CHAPEL HILL, N.C. --- The impact of the departure of so many veterans from the North Carolina offense has been a frequent topic of discussion for the 2017 Tar Heel football team.
While the loss of their skills, knowledge, and experience will challenge head coach Larry Fedora, offensive coordinator Chris Kapilovic, and the offense, there is another aspect the offense will have to face - the loss of their leadership.
“So far in the offseason, we’ve really not had ‘that guy’ step up into a leadership role,” Kapilovic said. “Last year Caleb Peterson assumed that role. He had not been a leader before, he was a quiet guy, not a vocal leader, and was important to us in that role last season.”
How important? The team votes for its captains, and wide receiver Mack Hollins and offensive guard Caleb Peterson were selected by the offense prior to the start of the 2016 season. Kapilovic notes that losing both offensive team captains to injury was hard, and brought it up while discussing a late-season drop in offensive production.
“On November 5th, we play Georgia Tech, and everything is clicking on offense. Then we play Duke, go down and score easily early, then for whatever reason the offense struggles,” Kapilovic said. “That loss, and the loss to NC State, when we struggled on offense again, are burning, stinging losses; we’ve watched and re-watched those games a hundred times, trying to figure out what happened.”
Kapilovic doesn’t blame those losses on the absence of Hollins and Peterson, only that not having those leaders on the field to steady the ship, get back on track, may have made a difference. Instead he says their best explanation is that offensive players began to “get out of their lanes,” trying to do more than their assignments required on certain plays.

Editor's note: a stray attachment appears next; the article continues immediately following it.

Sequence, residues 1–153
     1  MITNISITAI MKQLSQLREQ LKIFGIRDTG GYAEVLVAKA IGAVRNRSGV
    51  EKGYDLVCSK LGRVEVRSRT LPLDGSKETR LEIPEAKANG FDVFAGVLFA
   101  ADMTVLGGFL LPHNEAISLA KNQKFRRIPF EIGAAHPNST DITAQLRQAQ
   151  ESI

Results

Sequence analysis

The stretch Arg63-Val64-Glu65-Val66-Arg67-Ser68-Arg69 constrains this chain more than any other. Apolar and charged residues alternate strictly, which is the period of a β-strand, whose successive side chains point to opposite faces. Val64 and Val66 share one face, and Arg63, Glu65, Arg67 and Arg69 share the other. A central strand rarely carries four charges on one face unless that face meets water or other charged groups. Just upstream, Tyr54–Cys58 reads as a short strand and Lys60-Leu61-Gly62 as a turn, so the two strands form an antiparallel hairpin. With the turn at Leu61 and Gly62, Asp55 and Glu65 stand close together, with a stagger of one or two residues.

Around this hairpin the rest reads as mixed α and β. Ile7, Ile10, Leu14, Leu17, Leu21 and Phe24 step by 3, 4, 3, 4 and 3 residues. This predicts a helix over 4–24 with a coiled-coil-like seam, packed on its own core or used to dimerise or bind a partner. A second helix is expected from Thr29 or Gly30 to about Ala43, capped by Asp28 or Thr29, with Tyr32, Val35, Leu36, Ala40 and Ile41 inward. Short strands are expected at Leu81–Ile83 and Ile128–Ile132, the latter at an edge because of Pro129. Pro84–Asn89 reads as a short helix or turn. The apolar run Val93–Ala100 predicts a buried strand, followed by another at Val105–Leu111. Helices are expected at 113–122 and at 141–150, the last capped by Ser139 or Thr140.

Which brought him back to 2017 and the need for leadership.
“(Left tackle) Bentley Spain is trying to be that guy, and I believe he can be,” Kapilovic said. “Since he’s been here, he’s just gone about his business, done his job, been a steady guy, a lot like Peterson before last season. Now he’s stepping up, growing into that role. I think he can be that guy.”
Kapilovic is also optimistic about discovering new leaders on offense, because the departed players were good role models for current players to emulate.
“That’s huge,” Kapilovic said. “How those players understood the importance of leadership, and having the younger guys see how they handled it, is something that will help them become leaders themselves.”
While the skills and stats lost through attrition command the most attention in discussions for the potential of the next season for any college football team, replacing those players as leaders is something that a coaching staff watches closely - North Carolina is no exception, particularly for the 2017 season.